nderstand PlayHaving a good background and knowledge of the history of Rome is veryhelpful to understand Shakespeare’s play, Julius Caesar. The setting of thisplay took place hundreds of years ago, so if one knows a little bit of Romanhistory, it would help very much in understanding what is going on in the play.
It is important to know about the connection, or relationship that thereonce was between Caesar and Pompey. When Crassus died, Pompey and Caesar wereleft as twin rulers of Rome.
As one could imagine, each wanted to be the onlyruler, so a struggle broke out between them. Caesar defeated Pompey and his armyin an important battle, and went on later to defeat Pompey’s two sons. It isafter that fifth and last triumph, at the time they are celebrating, when theplay opens. To understand the play even better, one should be aware of Brutus'(one of the conspirators against Caesar) ancestors, the Tarquins. Nearly fivehundred years before Caesar was even born, a cruel, unscrupulous leading familyhad seized the riens of power and had set themselves up as kings.
From thatpoint on, the people of Rome hated kings, and they bounded themselves togetherby a solemn oath never to tolerate a monarch, and it was formally enacted intolaw that if any man wish that the monarchy should be restored, he was to bedeclared a public enemy and be put to death.
Brutus and the rest of the conspirators had killed Caesar, but they madean error, which was letting Mark Antony, one of Caesar’s friends live. Antonylater united with Bepidus and Octavius, to go against Brutus, Cassius, and theother conspirators. At the battle of Philippi, in Thrace, Brutus and Cassiustook their own lives when their army was destroyed. Just as Caesar and Pompeyhad struggled for the world when Cassus died, so now when Bepidus died, Antonyand Octavius were left confronting each other. Octavius held Rome and Europe;Antony held the East. Antony allied with Cleopatra and were planning to rule theworld from Alexandria, Cleopatra’s capital. Their navies met Octavius’ off theshore of Actium, in Greece. Octavius conquered decisively, and both Antony andCleopatra, even as Brutus and Cassius had done eleven years before, took theirown lives rather than grace a Roman triumph. Again the blood of Caesar hadconquered.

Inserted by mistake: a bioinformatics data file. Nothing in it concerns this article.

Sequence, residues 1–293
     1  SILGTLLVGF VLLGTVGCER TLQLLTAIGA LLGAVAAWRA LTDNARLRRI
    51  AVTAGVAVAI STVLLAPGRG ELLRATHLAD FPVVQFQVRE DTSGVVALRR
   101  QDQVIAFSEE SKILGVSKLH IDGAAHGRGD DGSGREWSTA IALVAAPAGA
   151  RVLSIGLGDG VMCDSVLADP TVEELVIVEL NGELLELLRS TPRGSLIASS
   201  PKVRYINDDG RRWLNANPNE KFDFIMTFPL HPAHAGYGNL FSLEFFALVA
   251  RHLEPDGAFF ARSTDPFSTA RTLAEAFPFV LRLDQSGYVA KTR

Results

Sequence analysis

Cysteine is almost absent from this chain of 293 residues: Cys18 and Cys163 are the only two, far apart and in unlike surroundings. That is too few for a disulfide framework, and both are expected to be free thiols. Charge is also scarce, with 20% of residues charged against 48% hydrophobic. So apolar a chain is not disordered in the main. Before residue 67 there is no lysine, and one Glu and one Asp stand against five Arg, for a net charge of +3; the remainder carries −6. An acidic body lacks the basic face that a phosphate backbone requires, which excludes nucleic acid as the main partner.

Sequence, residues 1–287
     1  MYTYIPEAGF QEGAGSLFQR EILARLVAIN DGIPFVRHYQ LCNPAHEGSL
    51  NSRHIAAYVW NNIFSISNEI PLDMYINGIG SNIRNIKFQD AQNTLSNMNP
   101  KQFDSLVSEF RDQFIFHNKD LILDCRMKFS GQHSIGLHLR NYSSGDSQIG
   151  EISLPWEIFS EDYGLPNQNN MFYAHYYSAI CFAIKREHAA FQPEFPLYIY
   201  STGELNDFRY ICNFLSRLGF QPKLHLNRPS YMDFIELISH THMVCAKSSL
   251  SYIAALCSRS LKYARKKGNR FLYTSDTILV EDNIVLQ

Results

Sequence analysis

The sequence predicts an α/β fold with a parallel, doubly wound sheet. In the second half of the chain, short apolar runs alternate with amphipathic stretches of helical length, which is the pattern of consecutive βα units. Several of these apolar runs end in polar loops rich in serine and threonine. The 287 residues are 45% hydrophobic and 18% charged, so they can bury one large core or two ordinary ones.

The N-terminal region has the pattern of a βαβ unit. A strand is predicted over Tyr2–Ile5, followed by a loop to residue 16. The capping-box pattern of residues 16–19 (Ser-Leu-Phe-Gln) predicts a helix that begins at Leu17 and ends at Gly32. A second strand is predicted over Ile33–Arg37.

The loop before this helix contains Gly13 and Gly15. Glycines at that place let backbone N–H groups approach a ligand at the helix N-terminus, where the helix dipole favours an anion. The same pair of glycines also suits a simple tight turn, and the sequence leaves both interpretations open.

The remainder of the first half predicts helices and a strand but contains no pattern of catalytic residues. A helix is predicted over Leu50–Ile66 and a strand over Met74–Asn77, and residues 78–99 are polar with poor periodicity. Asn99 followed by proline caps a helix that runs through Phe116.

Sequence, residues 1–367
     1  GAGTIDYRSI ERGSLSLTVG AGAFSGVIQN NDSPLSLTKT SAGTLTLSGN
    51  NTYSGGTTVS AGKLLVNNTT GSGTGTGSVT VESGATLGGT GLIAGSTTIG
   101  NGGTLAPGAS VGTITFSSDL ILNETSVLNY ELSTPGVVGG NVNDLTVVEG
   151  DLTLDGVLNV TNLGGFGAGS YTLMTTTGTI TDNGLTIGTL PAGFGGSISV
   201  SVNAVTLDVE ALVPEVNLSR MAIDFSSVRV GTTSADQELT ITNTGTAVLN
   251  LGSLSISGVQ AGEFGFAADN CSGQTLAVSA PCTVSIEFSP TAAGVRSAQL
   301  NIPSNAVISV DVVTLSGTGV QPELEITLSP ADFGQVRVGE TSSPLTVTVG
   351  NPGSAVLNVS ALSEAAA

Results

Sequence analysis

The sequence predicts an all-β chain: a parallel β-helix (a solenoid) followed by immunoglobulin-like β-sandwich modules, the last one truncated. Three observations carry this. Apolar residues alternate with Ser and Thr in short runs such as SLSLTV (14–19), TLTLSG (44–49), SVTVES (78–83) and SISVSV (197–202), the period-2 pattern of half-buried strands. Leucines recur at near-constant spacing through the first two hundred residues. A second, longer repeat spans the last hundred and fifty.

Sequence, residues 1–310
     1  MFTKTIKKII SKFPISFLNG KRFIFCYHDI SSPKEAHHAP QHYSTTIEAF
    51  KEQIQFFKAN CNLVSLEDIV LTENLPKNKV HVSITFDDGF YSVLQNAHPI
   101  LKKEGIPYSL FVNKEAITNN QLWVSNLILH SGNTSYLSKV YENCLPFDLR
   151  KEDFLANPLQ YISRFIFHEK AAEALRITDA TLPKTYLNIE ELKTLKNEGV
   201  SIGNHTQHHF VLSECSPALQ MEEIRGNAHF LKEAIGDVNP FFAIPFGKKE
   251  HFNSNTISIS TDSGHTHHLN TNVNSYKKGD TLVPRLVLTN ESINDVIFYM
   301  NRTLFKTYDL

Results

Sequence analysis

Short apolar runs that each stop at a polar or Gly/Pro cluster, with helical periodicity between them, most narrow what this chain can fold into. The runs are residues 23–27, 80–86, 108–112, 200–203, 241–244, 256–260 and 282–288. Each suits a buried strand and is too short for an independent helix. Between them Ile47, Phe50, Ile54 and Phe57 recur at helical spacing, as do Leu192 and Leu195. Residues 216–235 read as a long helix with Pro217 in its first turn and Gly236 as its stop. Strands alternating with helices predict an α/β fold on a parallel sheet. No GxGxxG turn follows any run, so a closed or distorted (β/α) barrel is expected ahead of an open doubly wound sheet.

All this information is very important for the true understanding of theplay. Without knowing some of this information, it is almost impossible to knowwhy all this is happening, and what all this means. That’s why before readingthis play, one should first have a little background information about thesetting, plot, and have read a short summary of the play.
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